SEC Chairman: Is bitcoin a “security?”

SEC and cryptocurrency regulations

SEC Chairman: Is bitcoin a “security?”

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We forgive you if you’re confused about whether the US Securities and Exchange Commission (SEC) considers bitcoin or other altcoins a “security.”

Jay Clayton SEC chairToday in an interview on CNBC, SEC Chairman Jay Clayton said some cryptocurrencies like bitcoin are NOT securities.

He appeared in a wide-ranging interview speaking about the future of blockchain, cryptocurrencies and initial coin offerings (ICOs).


Clayton on distributed ledger technology (DLT)


Bob Pisani, CNBC hostThe interview with CNBC host Bob Pisani, opened with Clayton’s view on DLT.

“Distributed ledger technology? Incredible promise. It can drive efficiencies not only in the financial markets but in a lot of markets,” Clayton said. “Two areas in the financial markets where distributed ledger technology has come to the fore. Cryptocurrencies. These are replacements for sovereign currencies, to replace the dollar, the yen, the euro with bitcoin. That type of currency is not a security.”

When is a coin a security?

Clayton then turned to what the SEC does consider a security. “A token, a digital asset where I give you my money and you go off and make a venture, you have some company you want to start or something. In return for me giving you my money, you say, you know what, I’m going to give you a return. Or you can get a return in the secondary market by selling your tokens to somebody? That is a security and we regulate that. We regulate the offering of that security and we regulate the trading of that security. That’s our job and we’ve been doing it for a long time”

Pisani asked if Clayton was planning to make a clear statement because of confusion over the definition of some cryptocurrencies as a security.

bitcoin market trendThe SEC chairman replied, “if it’s a security, we’re regulating it.”

Clayton continued, “if you have an ICO or a stock and you want to sell it in a private placement, follow the private placement rules. There’s no secondary trading, you have to do that. If you want to do an IPO with a token, come see us. File financial statements. File disclosure. Take the responsibility our laws require and we’re happy to help you do that public offering.”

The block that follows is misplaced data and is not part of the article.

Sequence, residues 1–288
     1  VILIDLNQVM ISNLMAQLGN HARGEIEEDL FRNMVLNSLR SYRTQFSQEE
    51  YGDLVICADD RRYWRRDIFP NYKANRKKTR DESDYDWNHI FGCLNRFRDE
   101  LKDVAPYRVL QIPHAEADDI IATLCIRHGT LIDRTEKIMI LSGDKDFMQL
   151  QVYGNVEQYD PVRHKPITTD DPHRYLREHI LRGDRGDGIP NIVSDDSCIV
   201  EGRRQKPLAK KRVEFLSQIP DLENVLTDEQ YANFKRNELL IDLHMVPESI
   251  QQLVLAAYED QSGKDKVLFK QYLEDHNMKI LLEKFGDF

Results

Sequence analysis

Pisani asked, “you seem to be saying you’re not going to change the definition of a security just to suit the ICO community. Is that right?”

Clayton replied, “I’m not going to support that.”

What about altcoins?

The SEC chair was asked about his view of altcoins such as Ether and Ripple. “Is Ether a security,” Pisani asked.

cryptocurrencies“I’m not going to comment on specific crypto assets and whether are a security or are not a security,” Clayton said. “But you captured the definition very well. Am I giving you my money to go off in a venture and I’m relying on you and the efforts of you and your colleagues?”

Pisani persisted, “you do understand there are lawsuits right now, for example like Ripple and whether it is or is not a security. That’s partly one of the issues here. Obviously, how the SEC feels, it’s very important. ”

Clayton replied, “we’re not going to do any violence to the traditional definition of a security which has worked well for a long time and I believe it will continue to work well.”

who's least interested in cryptocurrency?“Is it possible the SEC might say these were securities at one time and no longer are because they’re not centrally controlled for example?” Pisani asked.

Clayton replied, “Look, that’s a question that’s out there. We’ll be replying to that in answering specific facts and circumstances, but we’ve been doing this a long time and has no need to change our fundamental approach.”

Bitcoin and ETFs

Pisani said a lot of people are chomping at the bit to get ETFs approved. “What criteria do you need to get ETF’s approved?” he asked.

SEC sends subpoenas to 80+ cryptocurrency companies.“Our division of investment managers has put out and been very clear to the industry in the types of things that we’re going to need in any asset class if we’re going to approve a product,” Clayton replied. “One of those things is, is the pricing something that people can rely on? So, asset verification. Our communication to the market on this has been very clear.”

Clayton said he’s pleased with his colleagues at the SEC because they’ve been very clear and open about what’s needed for to satisfy SEC rules.

If you’re trading cryptocurrency or planning an ICO, it’s an interview worth viewing and you can see it here.